I wondered if Pete had half a mind to anchor under sail, “well, we might as well,” he said. So we did. Or rather, so he did. Perfectly, in about 9m water, sandy bottom, good holding. Sometime after 13:00 we were securely anchored, 30m chain out. Lovely. It was a Whinchat Ploughmans. I baked a baguette for Pete and then ‘French’ reheated the rye bread to bring it back to life. Great trick. That with some little plump tomatoes, sliced serano jamon and some cheese. Job done. What else was there to do? The weather was trying to be kind. A lot of clouds, mostly high. although there were some rain showers drifting around the bay, none of them landed on us. Pete had downloaded the paper and was content reading this. I was finding sitting on the hard teak cockpit seats hard on the compression in my spine – my solution, to lie down (easier than getting cushions). Apparently I had a snooze…. followed by another nap! Well, it was vaguely warm, and the motion was so soporific. The only thing going on (after their own lunch) was the Army on drills learning how to drive a RIB ashore. As fun as that looked, it was still too much like hard work. At some point, Lion of Flanders came inside us and anchored ahead. I think if we’d have been where they were, we would have stayed. It was so peaceful, but we were just a bit too far out for an overnight (probably a function of the anchoring by sail, which put us beyond Pete’s waymark, but it was so cool to do it). So, some three hours after we’d dropped the hook, partly reluctantly, we hauled and drifted towards Portosin.

It has a reputation of being a very friendly, accommodating marina… which it has been. There are massive hangers full of dinghy/racing gear, and a couple of Open60s tied up. In this respect it reminded me of Howth (Ireland), a serious racing community. Although the Open60 looks a bit tired. There is no one around, that said, so race night can’t be tonight!! The pontoons are a bit tired, patched up, and there are some fairly shabby looking boats as you walk the pontoons. The town itself, well, I’d say it is the most run-down that we’ve encountered. The pilot book describes it as having ‘little charm’, and this is generous. Perhaps it is a cool, off season, mid week visit that does it no justice, but we’ve been trying to translate it into an English equivalent. It is a new town, small population, no evident industry (not even big fishing boats, they’re in Muros). A couple of sleepy bars, two butchers, a couple of corner shop-style grocery stores. And an amazing beach!! Deserted, and the bar with the best view of all shut (we ended up in one on the quay). What is there to recommend it? I’m not sure. We think we will certainly move on in the morning.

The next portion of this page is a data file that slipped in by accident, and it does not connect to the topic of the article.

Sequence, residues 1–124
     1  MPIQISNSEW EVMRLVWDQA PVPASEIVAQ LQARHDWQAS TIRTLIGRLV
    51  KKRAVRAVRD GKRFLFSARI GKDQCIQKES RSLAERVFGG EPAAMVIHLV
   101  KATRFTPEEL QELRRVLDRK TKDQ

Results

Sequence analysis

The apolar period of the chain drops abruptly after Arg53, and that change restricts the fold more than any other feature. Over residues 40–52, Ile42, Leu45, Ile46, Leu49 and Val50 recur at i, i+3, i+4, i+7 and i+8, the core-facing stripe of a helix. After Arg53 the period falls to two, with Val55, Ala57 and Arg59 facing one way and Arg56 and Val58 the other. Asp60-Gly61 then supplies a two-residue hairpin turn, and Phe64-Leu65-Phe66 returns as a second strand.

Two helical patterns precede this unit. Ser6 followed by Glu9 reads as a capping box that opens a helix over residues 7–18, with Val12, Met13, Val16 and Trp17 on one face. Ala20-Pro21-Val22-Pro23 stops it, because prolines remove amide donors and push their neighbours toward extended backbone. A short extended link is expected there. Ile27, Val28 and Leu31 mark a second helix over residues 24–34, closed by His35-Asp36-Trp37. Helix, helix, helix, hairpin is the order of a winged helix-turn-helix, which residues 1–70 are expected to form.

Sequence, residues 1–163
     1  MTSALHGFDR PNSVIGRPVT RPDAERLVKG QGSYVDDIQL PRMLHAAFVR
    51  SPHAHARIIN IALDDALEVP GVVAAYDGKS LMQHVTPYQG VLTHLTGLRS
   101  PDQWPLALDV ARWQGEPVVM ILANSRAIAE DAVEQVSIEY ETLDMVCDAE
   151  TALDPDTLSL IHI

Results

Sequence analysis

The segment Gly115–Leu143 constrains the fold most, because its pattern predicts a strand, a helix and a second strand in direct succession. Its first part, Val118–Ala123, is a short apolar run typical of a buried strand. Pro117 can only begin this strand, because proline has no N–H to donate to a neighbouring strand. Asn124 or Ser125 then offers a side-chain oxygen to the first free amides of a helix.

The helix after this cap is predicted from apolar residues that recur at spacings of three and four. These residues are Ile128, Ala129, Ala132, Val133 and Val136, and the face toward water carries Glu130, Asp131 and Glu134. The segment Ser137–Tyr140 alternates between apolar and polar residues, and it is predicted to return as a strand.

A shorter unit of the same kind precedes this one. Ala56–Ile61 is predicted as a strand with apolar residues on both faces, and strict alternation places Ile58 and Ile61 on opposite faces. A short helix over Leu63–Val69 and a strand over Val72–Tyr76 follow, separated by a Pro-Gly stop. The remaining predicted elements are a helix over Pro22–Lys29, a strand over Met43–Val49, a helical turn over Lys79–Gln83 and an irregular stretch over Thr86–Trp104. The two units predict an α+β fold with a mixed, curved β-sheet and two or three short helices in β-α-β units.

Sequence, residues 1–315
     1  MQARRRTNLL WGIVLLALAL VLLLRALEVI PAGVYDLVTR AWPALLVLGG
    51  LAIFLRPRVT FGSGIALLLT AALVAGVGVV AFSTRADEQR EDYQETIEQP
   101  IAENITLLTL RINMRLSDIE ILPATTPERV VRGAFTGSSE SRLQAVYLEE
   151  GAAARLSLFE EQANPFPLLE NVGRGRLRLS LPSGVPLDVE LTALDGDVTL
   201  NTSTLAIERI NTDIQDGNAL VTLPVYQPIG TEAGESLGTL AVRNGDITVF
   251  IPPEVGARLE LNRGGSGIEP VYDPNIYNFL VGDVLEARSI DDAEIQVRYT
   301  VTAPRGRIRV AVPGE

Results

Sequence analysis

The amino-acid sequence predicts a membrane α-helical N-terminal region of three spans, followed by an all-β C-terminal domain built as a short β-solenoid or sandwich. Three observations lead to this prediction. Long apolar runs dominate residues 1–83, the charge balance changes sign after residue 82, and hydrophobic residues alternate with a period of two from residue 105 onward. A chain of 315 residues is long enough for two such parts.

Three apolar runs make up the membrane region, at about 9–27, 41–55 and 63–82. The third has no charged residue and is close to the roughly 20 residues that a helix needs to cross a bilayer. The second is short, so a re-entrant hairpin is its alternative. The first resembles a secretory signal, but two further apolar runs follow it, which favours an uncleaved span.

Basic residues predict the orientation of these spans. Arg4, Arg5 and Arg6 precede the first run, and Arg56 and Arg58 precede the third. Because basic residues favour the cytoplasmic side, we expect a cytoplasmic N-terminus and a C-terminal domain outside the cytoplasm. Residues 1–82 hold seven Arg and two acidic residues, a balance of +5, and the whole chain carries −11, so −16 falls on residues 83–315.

Tonight I think that I’ve really turned Spanish. We went for a wander having arrived here around 18:00 (we’re not really sure), been through the usual documents/tying up rigmarole, stopped for a beer, and then got back to the boat about 20:00 (just before the rain). It was only then that I started cooking the roast chicken.. this was after discovering that most of the normal bits that are removed, weren’t. Pete had to complete a half-dissection before it could be pronounced fit to cook. So, it was about 22:00 when we sat down to eat. I am sure that I would never had contemplated it at home, but here, it makes sense.

One reflection on the day. We have good WiFI here actually IN the boat, so I’ve been ‘wilfing’ a bit. It’s the Pendennis Cup this week in Falmouth. Pete and I were lucky enough to go onboard Velacarina in 2012. She’s racing this year, but more importantly for us, so is Cyrinthe, our friend Nick’s boat, crewed by an assembly of Rustler suppliers. They will be determined to do their best to win, despite Nick’s natural inclinations, and we are sorry not to see it. The photos look amazing (blue skies, what’s that???) and I’m sure we would have been in the bay on “Kevin” if we’d been at home. 2016 we shall have to be there again.

So, chicken digesting, we are thinking about tomorrow. Forecast looks to ‘blow up’ over the weekend, so we will move on tomorrow, wind or no.

Today’s haiku:

boat rests at anchor –
in an ocean cradle rocked,
hums a lullaby